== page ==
There are links to videos showing how it works, at the page bottom. Thanks, but I mentioned mahlsticks (AKA maulstick) in my OP. I have a mahlstick and while it's useful to keep my wrist from rubbing wet paint I've not found it useful as an ergonomic aid to correct back and spine pain. These Russian hinged, articulatable mahl sticks are interesting and there's another Russian who also makes them, and it might be fun to try one but I've never seen one in the US or UK either in a shop or in someone's studio. Neither Blick not Jackson's carry anything but conventional mahl sticks.

I noticed that in the Russian's pictures and videos he's still holding his arm outstretched and seems to paint in an impressionistic style, not a finely-detailed one.

One of the things that fascinates me is how often I see artists holding the mahl stick in their other hand. There's a famous picture of Norman Rockwell doing that. I've tried that and then the other arm gets tired and it doesn't really do anything for neck and back issues.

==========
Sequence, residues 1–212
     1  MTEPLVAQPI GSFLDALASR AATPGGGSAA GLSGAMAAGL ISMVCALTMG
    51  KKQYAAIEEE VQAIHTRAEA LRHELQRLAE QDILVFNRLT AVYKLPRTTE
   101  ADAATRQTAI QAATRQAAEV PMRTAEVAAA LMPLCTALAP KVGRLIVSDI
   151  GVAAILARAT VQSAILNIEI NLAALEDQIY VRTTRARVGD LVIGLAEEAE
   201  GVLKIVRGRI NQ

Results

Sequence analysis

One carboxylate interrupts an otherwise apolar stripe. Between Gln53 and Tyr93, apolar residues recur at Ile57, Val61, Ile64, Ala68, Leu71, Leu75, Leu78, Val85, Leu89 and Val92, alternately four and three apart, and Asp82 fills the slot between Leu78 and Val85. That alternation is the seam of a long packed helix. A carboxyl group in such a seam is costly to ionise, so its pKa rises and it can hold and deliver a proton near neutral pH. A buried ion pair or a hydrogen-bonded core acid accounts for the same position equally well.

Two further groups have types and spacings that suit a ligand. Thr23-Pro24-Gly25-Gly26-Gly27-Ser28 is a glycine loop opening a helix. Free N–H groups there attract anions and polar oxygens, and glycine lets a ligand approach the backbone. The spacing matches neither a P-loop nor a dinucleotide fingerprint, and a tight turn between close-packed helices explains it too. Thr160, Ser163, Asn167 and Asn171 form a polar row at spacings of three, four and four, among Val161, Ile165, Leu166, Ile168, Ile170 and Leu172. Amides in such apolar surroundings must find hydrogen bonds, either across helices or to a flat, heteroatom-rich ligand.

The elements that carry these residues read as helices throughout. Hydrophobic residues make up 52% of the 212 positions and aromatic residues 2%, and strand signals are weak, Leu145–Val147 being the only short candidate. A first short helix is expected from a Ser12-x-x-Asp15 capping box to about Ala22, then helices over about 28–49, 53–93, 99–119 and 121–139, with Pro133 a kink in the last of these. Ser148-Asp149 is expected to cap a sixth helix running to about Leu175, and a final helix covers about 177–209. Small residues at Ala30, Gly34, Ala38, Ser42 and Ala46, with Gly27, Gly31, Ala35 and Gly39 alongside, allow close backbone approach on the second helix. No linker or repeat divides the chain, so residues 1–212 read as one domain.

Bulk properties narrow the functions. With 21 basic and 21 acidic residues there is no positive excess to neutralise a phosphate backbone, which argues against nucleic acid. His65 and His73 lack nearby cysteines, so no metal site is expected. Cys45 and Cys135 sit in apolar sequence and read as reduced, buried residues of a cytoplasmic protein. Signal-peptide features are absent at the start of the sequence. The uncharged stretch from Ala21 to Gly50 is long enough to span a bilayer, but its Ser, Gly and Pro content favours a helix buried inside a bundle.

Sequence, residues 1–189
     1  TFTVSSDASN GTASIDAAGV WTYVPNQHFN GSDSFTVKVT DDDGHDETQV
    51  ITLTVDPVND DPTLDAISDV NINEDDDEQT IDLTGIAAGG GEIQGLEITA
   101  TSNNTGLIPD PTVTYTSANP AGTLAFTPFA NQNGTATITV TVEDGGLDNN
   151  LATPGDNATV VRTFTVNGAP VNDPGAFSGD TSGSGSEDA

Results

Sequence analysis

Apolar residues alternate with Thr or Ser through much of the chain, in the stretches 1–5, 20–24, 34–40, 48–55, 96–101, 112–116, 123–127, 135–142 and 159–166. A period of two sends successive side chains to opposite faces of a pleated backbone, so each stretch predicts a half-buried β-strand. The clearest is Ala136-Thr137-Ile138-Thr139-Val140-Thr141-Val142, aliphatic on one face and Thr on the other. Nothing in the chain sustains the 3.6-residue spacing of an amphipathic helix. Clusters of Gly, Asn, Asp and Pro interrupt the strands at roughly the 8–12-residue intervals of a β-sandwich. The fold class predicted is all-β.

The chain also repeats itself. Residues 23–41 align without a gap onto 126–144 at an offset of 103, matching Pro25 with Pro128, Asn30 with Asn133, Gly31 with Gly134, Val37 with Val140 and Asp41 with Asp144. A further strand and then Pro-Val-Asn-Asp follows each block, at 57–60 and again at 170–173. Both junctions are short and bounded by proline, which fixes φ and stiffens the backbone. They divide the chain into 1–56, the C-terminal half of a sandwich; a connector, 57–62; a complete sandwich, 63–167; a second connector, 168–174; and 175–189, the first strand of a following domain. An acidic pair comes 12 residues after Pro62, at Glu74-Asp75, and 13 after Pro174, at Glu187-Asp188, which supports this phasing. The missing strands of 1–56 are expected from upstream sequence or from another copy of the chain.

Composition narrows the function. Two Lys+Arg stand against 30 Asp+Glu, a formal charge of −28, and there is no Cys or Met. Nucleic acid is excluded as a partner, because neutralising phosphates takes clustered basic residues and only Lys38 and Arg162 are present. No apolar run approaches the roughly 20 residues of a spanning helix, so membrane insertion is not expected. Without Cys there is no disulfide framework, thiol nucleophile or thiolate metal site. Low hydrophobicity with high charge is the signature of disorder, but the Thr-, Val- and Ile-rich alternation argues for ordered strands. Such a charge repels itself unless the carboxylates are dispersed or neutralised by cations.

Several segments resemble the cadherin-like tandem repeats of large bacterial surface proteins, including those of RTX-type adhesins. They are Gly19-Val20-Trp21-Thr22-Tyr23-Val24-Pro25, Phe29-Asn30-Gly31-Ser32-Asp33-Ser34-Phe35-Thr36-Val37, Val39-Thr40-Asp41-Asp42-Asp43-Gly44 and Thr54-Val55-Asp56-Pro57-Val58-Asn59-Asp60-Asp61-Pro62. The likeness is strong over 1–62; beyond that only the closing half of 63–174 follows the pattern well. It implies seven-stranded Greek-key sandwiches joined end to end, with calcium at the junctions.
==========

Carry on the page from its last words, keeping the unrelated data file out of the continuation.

I think what I need is a more comprehensive ergonomic approach to painting. The human body is a kinesiological SYSTEM, and when I'm painting, especially fine detail, everything from my arms, back, neck, legs and feet all start to become stiff and painful because I'm in such a contorted position.

But obviously lots of artists have successful careers painting all day every day for decades without ending up in traction. So I want to know how fine artists who do lots of detail and who work all day long work in terms of posture. I've only had this problem since retiring from my day job and spending 8-10 hours a day in my studio.

Dcam
03-25-2019, 05:17 PM
Hi "P"
Check this out: http://www.wetcanvas.com/forums/showthread.php?t=1435763



I have neck, shoulder and spine problems, so very often I will work flat on a standing table. As you know, sitting too long is unhealthy, not only for computer folks, but artists as well.


For very large works, I use the system in the above link.


Good luck.

plnelson
03-25-2019, 05:32 PM
Hello,

my husband has build me sth. like you can see on the pictures here:

https://knobl-art-shop.com/PS101-Tischstaffelei-fuer-Porzellanmalerei

Like a bridge for your painting hand.

Cheers, Ulli